University of Calgary

Unexpected View

Submitted by alumni on Fri, 05/30/2014 - 20:10.

Unexpected View

Take a peek backstage with two drama alumni, John Gilchrist and Rebecca Northan.

John Gilchrist
BA'77, Psychology and Drama

Before he became Calgary’s most notable restaurant critic, he was the original manager of Loose Moose Theatre Company. He has covered 2,000+ restaurants for CBC Radio since 1980 and is on his 720th Off the Menu column for the Calgary Herald. He is a member of the San Pellegrino’s World’s Top Restaurants judging panels and best-selling author of My Favourite Restaurants: Calgary, Canmore and beyond and Cheap Eats. For the last 20 years, he has also taught Continuing Education courses on food and travel at the University of Calgary.

What did you want to be when you were a kid?
"I always wanted to work in theatre."

What did you learn at the University of Calgary?
"Psychology gave me the background into how people think and feel, observe and react. Taking drama allowed me to practise what I learned in Psych. And I do radio — that’s a brief five-minute performance every week."

How did you become a restaurant critic?
"CBC was looking for a new restaurant reviewer in 1980. I was always a bit of a foodie so I went in, auditioned and the rest is history."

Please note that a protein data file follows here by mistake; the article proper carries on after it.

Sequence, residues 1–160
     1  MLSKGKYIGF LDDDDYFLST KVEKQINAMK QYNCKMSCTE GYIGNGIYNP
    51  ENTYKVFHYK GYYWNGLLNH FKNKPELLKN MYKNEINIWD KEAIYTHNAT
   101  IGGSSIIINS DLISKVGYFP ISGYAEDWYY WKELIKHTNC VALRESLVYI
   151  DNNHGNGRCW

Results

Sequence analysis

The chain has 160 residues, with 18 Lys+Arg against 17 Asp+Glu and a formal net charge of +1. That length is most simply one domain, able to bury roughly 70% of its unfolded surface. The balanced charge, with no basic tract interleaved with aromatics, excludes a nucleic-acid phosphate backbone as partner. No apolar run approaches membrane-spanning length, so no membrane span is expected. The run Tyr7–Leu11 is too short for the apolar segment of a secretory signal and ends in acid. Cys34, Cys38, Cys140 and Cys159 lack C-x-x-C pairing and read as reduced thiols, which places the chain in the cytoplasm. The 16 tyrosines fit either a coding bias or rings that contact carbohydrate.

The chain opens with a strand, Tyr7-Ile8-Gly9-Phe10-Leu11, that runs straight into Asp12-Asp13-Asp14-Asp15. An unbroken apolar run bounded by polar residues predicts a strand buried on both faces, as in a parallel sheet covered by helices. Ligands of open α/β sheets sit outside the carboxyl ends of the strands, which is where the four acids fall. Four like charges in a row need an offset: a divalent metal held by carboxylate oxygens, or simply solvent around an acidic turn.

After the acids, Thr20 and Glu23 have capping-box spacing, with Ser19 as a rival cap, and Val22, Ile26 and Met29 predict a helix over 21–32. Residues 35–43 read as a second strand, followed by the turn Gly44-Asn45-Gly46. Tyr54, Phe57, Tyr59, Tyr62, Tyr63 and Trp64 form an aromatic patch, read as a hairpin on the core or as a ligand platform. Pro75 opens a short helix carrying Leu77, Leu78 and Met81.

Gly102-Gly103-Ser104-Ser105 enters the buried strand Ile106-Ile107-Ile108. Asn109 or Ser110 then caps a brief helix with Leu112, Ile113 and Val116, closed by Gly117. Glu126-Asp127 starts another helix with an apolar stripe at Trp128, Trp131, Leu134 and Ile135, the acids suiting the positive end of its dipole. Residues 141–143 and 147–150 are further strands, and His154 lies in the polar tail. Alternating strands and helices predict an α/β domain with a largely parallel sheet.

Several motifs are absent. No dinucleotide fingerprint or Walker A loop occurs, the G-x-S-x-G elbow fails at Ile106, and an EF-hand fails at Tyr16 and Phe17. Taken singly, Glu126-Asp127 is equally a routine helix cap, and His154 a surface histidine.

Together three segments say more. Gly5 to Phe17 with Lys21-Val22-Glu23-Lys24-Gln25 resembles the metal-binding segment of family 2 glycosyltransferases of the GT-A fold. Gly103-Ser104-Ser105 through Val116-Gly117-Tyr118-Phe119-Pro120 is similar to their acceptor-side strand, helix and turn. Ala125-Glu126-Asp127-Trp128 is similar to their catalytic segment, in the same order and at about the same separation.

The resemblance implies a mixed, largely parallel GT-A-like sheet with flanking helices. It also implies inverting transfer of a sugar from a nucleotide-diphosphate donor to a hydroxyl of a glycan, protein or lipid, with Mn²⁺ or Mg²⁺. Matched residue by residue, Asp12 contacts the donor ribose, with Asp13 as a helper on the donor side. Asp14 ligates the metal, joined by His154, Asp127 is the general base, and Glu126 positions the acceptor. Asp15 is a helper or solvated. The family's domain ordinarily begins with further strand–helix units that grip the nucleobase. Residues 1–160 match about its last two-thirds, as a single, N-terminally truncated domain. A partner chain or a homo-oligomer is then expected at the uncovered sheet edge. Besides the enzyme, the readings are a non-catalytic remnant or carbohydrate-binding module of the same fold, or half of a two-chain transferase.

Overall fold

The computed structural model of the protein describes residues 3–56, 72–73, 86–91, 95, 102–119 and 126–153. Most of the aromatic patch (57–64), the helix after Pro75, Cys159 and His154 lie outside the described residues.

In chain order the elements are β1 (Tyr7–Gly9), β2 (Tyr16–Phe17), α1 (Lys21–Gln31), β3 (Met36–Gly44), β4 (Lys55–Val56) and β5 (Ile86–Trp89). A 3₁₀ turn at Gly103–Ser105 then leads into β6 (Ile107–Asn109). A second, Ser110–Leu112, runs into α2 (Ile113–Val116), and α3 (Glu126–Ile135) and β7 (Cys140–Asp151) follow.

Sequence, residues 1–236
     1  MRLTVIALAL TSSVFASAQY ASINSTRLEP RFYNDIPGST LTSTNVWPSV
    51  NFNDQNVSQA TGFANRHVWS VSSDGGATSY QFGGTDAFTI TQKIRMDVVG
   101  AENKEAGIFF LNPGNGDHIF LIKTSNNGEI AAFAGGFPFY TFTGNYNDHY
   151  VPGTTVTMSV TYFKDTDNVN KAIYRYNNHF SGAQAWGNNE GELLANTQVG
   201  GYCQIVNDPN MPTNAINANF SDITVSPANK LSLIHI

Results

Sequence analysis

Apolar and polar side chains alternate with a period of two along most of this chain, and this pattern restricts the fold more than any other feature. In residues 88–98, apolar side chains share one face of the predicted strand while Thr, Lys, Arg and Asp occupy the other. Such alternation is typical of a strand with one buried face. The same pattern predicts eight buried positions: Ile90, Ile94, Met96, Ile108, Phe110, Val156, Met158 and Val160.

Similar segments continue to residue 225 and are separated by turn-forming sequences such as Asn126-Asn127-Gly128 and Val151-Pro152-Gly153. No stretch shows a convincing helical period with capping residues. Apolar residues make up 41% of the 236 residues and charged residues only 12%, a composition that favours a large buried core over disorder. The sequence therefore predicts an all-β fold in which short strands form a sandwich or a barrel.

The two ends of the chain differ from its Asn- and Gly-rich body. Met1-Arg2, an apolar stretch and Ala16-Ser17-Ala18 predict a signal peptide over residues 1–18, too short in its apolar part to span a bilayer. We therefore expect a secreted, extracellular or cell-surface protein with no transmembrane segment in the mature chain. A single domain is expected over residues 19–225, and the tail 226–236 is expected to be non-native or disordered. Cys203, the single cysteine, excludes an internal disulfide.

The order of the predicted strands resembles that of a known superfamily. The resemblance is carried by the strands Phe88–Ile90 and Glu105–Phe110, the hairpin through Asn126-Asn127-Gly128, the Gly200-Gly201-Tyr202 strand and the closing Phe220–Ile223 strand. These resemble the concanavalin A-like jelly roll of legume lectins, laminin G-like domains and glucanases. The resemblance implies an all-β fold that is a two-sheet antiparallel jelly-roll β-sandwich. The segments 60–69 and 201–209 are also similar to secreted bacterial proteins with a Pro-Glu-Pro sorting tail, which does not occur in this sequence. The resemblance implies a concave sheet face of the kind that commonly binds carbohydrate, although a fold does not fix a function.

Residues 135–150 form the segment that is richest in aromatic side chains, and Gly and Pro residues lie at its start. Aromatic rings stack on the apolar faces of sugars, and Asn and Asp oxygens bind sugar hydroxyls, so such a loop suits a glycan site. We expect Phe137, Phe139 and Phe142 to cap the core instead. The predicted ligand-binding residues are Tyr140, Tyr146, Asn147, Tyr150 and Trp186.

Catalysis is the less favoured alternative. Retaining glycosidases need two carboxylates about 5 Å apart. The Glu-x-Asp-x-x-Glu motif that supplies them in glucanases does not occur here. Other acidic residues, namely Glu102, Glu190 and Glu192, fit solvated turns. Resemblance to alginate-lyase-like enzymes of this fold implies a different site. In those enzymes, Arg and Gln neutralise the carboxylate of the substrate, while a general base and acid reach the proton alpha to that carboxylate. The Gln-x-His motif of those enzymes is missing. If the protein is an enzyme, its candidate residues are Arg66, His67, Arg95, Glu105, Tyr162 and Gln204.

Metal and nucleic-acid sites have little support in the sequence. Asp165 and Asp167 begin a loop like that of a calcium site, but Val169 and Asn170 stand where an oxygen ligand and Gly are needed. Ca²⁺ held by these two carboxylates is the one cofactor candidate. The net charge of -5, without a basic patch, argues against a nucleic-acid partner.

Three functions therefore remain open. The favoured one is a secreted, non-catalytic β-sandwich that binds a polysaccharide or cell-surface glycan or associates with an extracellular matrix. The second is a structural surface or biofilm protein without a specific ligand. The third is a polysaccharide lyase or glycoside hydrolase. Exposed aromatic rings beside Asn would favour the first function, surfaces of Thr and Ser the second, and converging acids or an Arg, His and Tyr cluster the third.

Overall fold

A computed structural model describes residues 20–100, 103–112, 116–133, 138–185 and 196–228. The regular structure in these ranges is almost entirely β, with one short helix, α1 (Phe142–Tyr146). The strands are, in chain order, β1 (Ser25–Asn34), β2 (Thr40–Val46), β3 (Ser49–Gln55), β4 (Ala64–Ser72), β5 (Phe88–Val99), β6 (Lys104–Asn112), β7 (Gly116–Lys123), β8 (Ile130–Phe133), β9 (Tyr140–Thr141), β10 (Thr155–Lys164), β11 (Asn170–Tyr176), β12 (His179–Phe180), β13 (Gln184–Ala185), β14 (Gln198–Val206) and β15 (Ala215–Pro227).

What’s your earliest food memory?
"I always say I’ve been eating all my life. I grew up on a farm in Wetaskiwin where we raised pretty much everything we ate."

What’s the best place to eat in Wetaskiwin?
"Hong & Sandy’s. [Hong] was one of the family cooks for Deng Xiaoping. This guy knows how to cook."

If you could only eat one thing for the rest of your life, what would it be?
"Thai food."

What’s the worst thing you’ve eaten?
"There are reasons why we don’t eat bugs."

What’s your favourite food?
"Anything that’s well prepared. I’m very multi-dexterous in my tastes."

Your top three places to travel to eat?
"Thailand, France and New Mexico."

What does the perfect meal look like to you?
"At my house with good friends — where I cook something that actually works. A perfect meal out is also nice with friends at a pleasant restaurant that isn’t too loud and not a tomb. Where the food is fresh, bright and true to its culture."

What’s it like being John Gilchrist walking into a restaurant?
"I get recognized maybe 10 per cent of the time. I will know if they recognize me because the service gets worse. It throws them off their game."

Do you make reservations?
"I do make a reservation under a different name. Ideally, I want to fly under the radar because I hate when they fuss."

What motivates you?
"I just get hungry and I have to eat. And the industry itself."

Biggest change you’ve seen in the food industry?
"The emergence of the Canadian chef."

What’s your routine?
"The review starts on the phone. I phone to see how they respond because that interaction is a part of it. I don’t typically take notes and photograph or tweet my meal because I’m just trying to have a normal dining experience. I find that I’ll remember anything that is important enough to remember."

What is your greatest achievement?
"Going undercover for lunch at two long-term care centres and helping change how our seniors are fed in those places around Alberta."

What do you want to be remembered for?
"Helping share what people were trying to do with their culture and food with people who wanted to learn about it."

What are your other hobbies?
"I’m a really crappy golfer."

Lynda Sea